So what does a Commissioner do?
Updated: Feb 17
One of my friend’s daughters recently asked me: So Marsha,what does a County Commissioner do exactly? It is one of the best questions yet! Thanks Rachael. Here are my takes on the job and at the very end, read the official "Job Description":
Listening and then Leading
Almost every single issue that comes before the County Commissioners is complex with many viewpoints involved usually more than two. I am a professional meeting facilitator so listening is in my skill set.
Here are just a sampling of policy questions in the news lately:
* What level of "proving" water should be required before new development goes in?
* Should our County adopt "1041 Powers"? They allow the County and residents to have a say in projects that are "matters of State interest"?
* What are the County's role(s) in better addressing homelessness? And, should public funds be dedicated to implementing, with others, a strategic plan set to be released in Feb. '20?
* Should the Commission accept the 10 District Area Plans completed after almost two years of work by residents, the staff, and the Planning Commission?
* Upcoming: Should road impact fees be assessed for new development? If so, how would they be implemented fairly (note: this is an ongoing study)?
The breath and depth of these issues is wide and deep. So, to make good decisions, a Commissioner listens in formal ways (i.e, taking public testimony) but also through phone calls, talking with people, and paying attention to things happening across the county.
Oversight of Precious Tax Payers' Resources
The annual budget is prepared through a detailed process and is eventually voted on by the Commissioners. A budget reflects the priorities and values of the citizens. By law, it must be balanced. The document is so important because all funds spent come from tax payers' precious pocket books with a few exceptions such as when the County receives a private grant or gift. Importantly, the Commissioners set funding levels for the other elected officials' budgets including: Assessor, Clerk and Recorder, Coroner, District Attorney, Sheriff, Surveyor and Treasurer. With the County’s revenue situation making headlines, the budget will remain Job #1. If you want, you can read the La Plata County 2020 budget here: http://www.co.laplata.co.us/government/departments/finance___procurement/budgets
Linking with Staff & Keeping Roles Clear
In our county, unlike some, we have a full-time County Manager, a County Attorney, and 20 departments. The department heads and staff do the day-to-day work. Commissioners set policy and address the overall direction, the "big picture." Commissioners are paid and salaries are set by the State Legislature. It a full time job and I will drop all other endeavors if elected. Offices are in the County Admin. Building on 2nd Ave. in Dgo.
Speaking of...a few years ago, I gave all my consulting clients one of these mugs. As a professional facilitator, meetings are "my thing"...organizing them, planning them, leading them, helping groups arrive at agreement or a decision through other means (i.e. Robert's Rules).
Commissioners participate in many formal meetings each month and also are appointed to serve on most of the 40+ boards or commissions operated under the County Government structure. You can find the list here on the left under "Meeting Group": http://laplatacountyco.iqm2.com/Citizens/Default.aspx .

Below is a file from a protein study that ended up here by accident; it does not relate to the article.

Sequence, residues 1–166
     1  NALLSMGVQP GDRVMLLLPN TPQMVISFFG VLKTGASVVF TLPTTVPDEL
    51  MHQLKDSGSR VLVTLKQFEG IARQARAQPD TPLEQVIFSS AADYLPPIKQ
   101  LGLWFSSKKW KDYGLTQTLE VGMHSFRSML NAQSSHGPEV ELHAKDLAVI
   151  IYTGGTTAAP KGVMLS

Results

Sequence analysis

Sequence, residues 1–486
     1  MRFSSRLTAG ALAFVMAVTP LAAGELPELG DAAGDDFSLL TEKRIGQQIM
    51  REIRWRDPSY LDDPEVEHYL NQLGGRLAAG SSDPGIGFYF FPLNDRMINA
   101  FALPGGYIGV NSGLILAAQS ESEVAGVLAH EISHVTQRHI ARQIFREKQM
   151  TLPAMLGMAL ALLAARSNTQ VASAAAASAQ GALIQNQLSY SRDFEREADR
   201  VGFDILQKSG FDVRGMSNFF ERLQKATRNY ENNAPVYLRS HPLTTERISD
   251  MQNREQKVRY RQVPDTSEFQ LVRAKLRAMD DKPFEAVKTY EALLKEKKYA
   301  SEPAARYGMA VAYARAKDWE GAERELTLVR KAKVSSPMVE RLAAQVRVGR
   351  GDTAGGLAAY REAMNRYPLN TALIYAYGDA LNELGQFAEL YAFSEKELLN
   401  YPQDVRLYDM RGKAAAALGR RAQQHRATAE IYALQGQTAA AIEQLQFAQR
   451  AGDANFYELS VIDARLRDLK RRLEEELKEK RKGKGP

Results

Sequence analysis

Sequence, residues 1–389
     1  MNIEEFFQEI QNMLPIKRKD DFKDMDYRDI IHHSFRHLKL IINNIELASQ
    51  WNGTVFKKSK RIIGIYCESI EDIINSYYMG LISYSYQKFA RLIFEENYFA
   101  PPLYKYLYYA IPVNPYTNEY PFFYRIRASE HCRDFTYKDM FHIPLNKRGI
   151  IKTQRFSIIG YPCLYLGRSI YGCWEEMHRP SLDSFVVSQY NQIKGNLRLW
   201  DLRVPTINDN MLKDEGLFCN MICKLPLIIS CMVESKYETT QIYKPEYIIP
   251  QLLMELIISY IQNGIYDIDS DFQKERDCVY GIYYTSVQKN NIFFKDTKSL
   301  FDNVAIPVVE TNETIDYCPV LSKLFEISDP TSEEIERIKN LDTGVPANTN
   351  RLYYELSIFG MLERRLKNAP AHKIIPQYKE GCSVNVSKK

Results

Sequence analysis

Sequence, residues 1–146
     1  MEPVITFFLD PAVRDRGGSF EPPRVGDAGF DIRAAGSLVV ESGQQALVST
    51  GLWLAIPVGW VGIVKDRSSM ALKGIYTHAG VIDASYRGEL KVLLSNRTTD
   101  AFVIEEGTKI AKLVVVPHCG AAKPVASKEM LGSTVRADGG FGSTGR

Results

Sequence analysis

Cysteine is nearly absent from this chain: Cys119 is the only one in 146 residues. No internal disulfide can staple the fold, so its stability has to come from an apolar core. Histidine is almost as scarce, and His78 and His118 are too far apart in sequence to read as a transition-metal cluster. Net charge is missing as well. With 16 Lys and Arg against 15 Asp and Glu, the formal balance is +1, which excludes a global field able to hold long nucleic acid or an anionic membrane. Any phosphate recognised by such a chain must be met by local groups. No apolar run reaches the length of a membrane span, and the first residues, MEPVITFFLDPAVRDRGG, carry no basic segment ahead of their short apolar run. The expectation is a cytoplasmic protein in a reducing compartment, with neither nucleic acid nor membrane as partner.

I do love meetings but feel strongly that they need to productive. Everyone needs to leave being heard and with a clear plan for the future.
Deal with Emergencies
As we all experienced with Missionary Ridge and "416" Wildfires or the Gold King Mine Spill in 2015, all of County Government becomes intricately involved. When a disaster hits, it's all hands on deck and other projects must be re-prioritized.
Working in Partnership
It is very important to network in all ways possible because running a County Government is about partnerships. There are common interests with other counties, and other levels of government (i.e., State and Federal), and other groups. By networking -- which takes, well, more meetings -- things can be accomplished that La Plata County cannot do alone.
My background in working with groups around complex and contentious public issues for 26 years is going to be beneficial to county residents, if elected. The skills I have gained in leading over 1,300 meetings with 100 groups will be used many ways on all days.
So thanks Rachael for asking this fundamental question. Those are the best kind.
Marsha for Commissioner
You can help me work for healthier communities and a good quality of life for all by joining my campaign.
Engage, Donate and Volunteer here: www.marshaporternorton.com
Contact me here: firstname.lastname@example.org or Phone: 970-403-5680
Facebook: Marsha for Commissioner@MPNfortheWIN
Here is the official Job Description as per the County's Web site:
The Board of County Commissioners (BOCC) consists of three elected officials, each representing a geographic district but all of whom are elected at large. As the governing body of the County, the BOCC performs legislative, budgetary and policy-making functions, administers the La Plata County Land Use System, and advocates for citizens at all levels of government. The BOCC establishes the vision and sets the direction for County government to plan for the future challenges that will face our community. The BOCC also appoints the County Attorney, who serves as legal counsel and adviser to the BOCC, and the County Manager, who performs executive functions including appointing and supervising department heads and hiring staff, coordinating and administering County programs, developing and maintaining intergovernmental relationships, drafting budgets, and advising the Board on policy matters.